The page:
New law on unions for workers in micro companies
The French government passed a law in 2008 changing the way representativeness of trade unions was measured. However, workers employed by very small companies were unable to participate in elections for staff representatives, which determine the status of the unions. In 2010, the government began the process of reforming representativeness within these small companies with the law of 15 October 2010, which will enable these workers to participate in elections for union representation.
A necessary complementary reform to the law of 2008
As a result of the law of 20 August 2008 (FR0808039I, FR1007031I), representativeness of a trade union essentially depends on the number of votes it gets in workplace elections for staff representatives (called ‘professional elections’), held in companies every four years. Representativeness was previously determined by a trade union’s affiliation to a confederation recognised by law at national level.
The 2008 reform meant that representativeness was now measured by the electoral weight of the different trade unions. The results of company elections are collected by the Labour Ministry, which determines the representativeness of trade unions in a given sector. The procedure is, for the moment, limited to sectoral representativeness, but after 22 August 2013 it will be extended to the intersectoral, national level.
However, professional elections are obligatory only in companies employing at least 11 workers, which means that four million workers employed in smaller companies are not able to exercise this right. Therefore, it was necessary for the government to change the law, in order to measure representativeness of trade unions for this group of workers.
Regional elections for trade unions
The second reform, initiated in 2008, which resulted in the law of 15 October 2010, sought to tackle the issue of measuring the representativeness of trade unions in very small companies through the organisation of regional elections every four years.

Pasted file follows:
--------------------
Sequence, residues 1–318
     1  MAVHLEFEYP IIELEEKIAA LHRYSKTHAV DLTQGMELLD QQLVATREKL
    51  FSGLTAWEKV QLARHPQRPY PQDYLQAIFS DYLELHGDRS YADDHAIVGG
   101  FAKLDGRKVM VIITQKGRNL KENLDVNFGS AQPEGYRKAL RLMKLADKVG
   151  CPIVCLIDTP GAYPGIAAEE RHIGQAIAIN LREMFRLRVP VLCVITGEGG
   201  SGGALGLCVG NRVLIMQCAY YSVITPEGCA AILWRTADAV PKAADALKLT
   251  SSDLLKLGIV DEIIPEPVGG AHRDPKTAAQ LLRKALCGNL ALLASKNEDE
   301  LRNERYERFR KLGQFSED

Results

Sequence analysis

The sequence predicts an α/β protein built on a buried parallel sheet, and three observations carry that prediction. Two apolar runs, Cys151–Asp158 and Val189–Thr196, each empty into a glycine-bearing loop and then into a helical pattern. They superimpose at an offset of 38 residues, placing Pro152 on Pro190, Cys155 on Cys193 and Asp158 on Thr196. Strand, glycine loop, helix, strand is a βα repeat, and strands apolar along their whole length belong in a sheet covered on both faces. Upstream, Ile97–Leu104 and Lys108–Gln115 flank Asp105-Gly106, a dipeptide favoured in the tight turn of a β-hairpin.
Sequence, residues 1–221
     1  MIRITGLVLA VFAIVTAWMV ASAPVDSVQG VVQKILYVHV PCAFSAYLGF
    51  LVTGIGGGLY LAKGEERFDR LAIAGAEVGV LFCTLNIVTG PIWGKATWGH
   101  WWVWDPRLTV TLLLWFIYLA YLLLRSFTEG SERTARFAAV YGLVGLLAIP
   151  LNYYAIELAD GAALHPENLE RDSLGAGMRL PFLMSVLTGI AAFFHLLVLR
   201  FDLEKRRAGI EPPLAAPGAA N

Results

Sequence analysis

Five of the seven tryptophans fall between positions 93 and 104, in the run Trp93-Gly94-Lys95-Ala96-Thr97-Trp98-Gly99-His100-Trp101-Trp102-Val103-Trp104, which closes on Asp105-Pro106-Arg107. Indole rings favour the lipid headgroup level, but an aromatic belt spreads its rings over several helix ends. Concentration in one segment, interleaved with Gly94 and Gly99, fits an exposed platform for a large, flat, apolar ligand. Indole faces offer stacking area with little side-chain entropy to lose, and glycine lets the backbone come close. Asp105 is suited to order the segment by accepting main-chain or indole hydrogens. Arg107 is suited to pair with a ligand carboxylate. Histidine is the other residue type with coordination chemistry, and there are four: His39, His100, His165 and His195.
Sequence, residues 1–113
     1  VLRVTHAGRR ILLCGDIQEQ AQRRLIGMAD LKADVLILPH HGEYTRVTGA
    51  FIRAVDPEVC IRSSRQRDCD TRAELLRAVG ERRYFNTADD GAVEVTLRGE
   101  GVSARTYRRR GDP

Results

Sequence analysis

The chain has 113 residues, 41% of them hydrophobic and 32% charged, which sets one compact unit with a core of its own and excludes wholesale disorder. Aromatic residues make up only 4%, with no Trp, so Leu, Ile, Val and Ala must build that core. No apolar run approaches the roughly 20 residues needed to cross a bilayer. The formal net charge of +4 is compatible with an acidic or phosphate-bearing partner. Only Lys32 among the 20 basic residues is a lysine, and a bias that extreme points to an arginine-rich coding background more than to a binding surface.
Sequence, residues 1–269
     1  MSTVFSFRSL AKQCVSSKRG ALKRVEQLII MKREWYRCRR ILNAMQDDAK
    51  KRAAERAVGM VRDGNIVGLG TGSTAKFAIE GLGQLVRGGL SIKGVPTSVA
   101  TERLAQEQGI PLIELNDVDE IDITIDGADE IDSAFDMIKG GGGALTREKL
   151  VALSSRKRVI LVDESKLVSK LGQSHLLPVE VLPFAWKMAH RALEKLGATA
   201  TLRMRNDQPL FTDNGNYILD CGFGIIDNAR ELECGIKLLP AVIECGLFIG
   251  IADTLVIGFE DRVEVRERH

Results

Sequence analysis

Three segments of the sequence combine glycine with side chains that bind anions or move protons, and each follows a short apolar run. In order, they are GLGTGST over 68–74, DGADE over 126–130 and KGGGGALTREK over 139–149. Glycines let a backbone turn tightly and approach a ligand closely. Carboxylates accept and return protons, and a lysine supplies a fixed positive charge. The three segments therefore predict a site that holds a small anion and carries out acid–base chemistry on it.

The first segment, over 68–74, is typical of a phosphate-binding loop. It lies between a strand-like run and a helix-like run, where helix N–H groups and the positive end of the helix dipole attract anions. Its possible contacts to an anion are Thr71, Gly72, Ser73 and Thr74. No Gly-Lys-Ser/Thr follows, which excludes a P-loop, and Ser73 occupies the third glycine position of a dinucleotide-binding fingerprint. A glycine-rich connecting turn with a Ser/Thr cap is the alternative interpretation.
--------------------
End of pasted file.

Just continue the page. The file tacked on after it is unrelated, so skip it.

Electoral lists will be drawn up by the Minister for Labour on the basis of information furnished by social security offices, and workers will simply vote for their preferred trade union.
As a candidate organisation, a trade union will have to be either affiliated to a representative organisation at the national intersectoral level, or meet a specific set of criteria:
- to respect republican values and independence from the employer and from political or religious organisations;
- to be legally established for at least two years prior to the elections;
- to have an established presence in the sector, or the territory, concerned.
No representation for workers in very small businesses
The original draft proposals contained a provision for the creation of local joint committees, whose role would have been to verify the application of collective agreements and help manage social dialogue.
For the trade unions, the creation of these committees offered workers in very small companies a form of collective representation, as there are no staff or trade union representatives in these companies.
But two of the three employer organisations – the Movement of French Enterprises (MEDEF) and the General Confederation of Small and Medium-sized Enterprises (CGPME) opposed this section of the bill and managed to secure enough parliamentary support to ensure this clause did not receive parliament’s consent. It is therefore not contained in the final text of the law.
According to CGPME, very small companies ‘escaped the introduction of bureaucracy, which would entitle trade unions to a right that they do not currently have’.
The Craftwork Employers’ Association (UPA), however, signed a declaration (in French, 50Kb PDF) in favour of the creation of local joint committees with all representative trade union organisations, excluding the General Confederation of Labour – Force Ouvrière (CGT-FO).
According to a press release (in French) by the French Democratic Confederation of Labour (CFDT), the decision ‘represents a retrograde vision of social dialogue’ and ‘shows strong contempt for trade unionism’.
Sandrine Jean, Human and Employment Research Agency (HERA)